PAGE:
While there is merit to the argument that by exercising this degree of control over what makes it into the Store and what doesn’t, Apple is fulfilling an important quality control function and the end beneficiaries are the consumers. There is a little more to this though. There is little doubt that Apple blocks some apps when they challenge the iPhone’s or iPod Touch’s built in functionality or even its partners’ interests (the Google Voice app debacle is a good example of this with allegations that AT&T influenced Apple’s rejection of the app because of the threat it posed to AT&T’s own business). Much of this level of control has been attributed to Steve Jobs who is reportedly very particular about just about every detail (although he is also reportedly not a big fan of the App Store).
It goes a little beyond the app approval process. I heard a comment that even if apps are approved and sold in the Store, they can be rejected and the developer is on the hook for refunds that may fall due. In fact, as I understand it, the developer is liable for 100% of the refunds even though he doesn’t receive 100% of the revenue from the apps. Apple retains its share of the sale throughout.
Another issue which has been raised is Steve Jobs’ hypocrisy. He famously wrote an open letter to the music industry a while back urging them to abandon DRM and to allow Apple to sell DRM-free music to its customers who so desperately wanted it. It certainly portrayed Jobs as the advocate for the masses although the iTunes ecosystem remains tightly controlled and closed. Palm has managed to break through that firewall and its Pre has been able to connect to iTunes as if it were an iPod (well, intermittently).
As Simon Dingle pointed out to me earlier today, “open doesn’t mean benevolent“. That may be true but transparency is more conducive to some form of accountability and, with that, potential benevolence, than opacity. Apple is a pretty closed book and it is famous for spreading disinformation ahead of product releases both to retain the element of surprise and to sniff out leaks in the company. This has been almost endearing in the past and part of the fun of finding out what Apple has up its sleeve but it also highlights a darker side to Apple. Granted it makes fantastic products (I will have a Mac computer as long as I can afford it given the current state of Apple’s tech and its trends) but what is the cost?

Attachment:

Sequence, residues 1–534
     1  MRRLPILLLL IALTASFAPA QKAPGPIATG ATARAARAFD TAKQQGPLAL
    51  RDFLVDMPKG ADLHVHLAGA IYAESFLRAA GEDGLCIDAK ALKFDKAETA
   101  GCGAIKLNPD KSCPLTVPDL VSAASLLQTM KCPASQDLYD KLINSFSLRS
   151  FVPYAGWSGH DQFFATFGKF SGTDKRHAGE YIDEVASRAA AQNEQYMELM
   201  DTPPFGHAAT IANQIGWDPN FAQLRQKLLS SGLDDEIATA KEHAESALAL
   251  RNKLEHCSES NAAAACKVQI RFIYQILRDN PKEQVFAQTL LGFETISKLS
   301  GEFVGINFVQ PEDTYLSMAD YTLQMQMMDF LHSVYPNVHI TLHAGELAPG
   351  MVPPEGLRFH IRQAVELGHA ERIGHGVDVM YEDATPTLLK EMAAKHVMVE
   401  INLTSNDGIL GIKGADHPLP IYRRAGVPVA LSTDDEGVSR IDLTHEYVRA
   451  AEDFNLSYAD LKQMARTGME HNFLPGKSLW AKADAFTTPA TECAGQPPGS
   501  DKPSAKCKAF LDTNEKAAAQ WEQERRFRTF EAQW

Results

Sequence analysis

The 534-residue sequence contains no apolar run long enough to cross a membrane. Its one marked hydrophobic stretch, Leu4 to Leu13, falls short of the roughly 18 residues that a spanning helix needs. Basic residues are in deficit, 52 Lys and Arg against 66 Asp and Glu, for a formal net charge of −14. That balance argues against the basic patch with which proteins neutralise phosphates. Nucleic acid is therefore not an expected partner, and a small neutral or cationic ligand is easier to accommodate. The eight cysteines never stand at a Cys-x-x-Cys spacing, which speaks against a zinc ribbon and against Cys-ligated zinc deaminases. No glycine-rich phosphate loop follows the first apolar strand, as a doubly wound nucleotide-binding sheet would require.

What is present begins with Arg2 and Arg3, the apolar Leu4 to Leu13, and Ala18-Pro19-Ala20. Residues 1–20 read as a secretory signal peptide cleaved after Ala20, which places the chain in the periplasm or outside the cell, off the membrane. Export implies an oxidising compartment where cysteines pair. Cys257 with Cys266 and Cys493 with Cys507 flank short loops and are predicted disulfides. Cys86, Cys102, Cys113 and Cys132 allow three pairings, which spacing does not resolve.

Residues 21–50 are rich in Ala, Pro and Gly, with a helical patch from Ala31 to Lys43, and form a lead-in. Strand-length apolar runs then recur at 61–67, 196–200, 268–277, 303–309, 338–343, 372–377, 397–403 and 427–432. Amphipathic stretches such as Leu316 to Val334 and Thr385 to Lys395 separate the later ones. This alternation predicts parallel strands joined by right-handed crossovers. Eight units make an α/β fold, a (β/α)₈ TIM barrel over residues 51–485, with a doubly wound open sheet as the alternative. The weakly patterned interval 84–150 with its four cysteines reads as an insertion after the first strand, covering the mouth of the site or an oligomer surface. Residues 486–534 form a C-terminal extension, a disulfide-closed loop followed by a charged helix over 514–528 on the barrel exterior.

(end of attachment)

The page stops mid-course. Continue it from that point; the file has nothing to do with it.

I commented to Simon earlier that Google has been more open and permissive when it comes to 3rd party services and plugins (a number of its recent initiatives are being open sourced). Simon’s view is that both companies have similar intentions. He almost certainly knows more than I do about what both companies are up to but from my vantage point I would sooner trust Google than Apple despite having concerns about the level of access Google has to virtually all my data. In my mind openness is more conducive to better behaviour because of the level of scrutiny and the constant emergence of alternatives. Apple has not exactly maintained a pristine record and while it is probably a little too early to paint Apple with the same brush, I have already read comments that Apple is becoming the new Microsoft (while there are many good people working at Microsoft, the software giant has been involved in some very underhanded stuff in recent years, using its dominance to exercise undue influence where it should be exercised).
So is Apple the new Evil Empire? We’ll have to see but as Leo Laporte pointed out, in Mussolini’s Italy the trains still ran on time.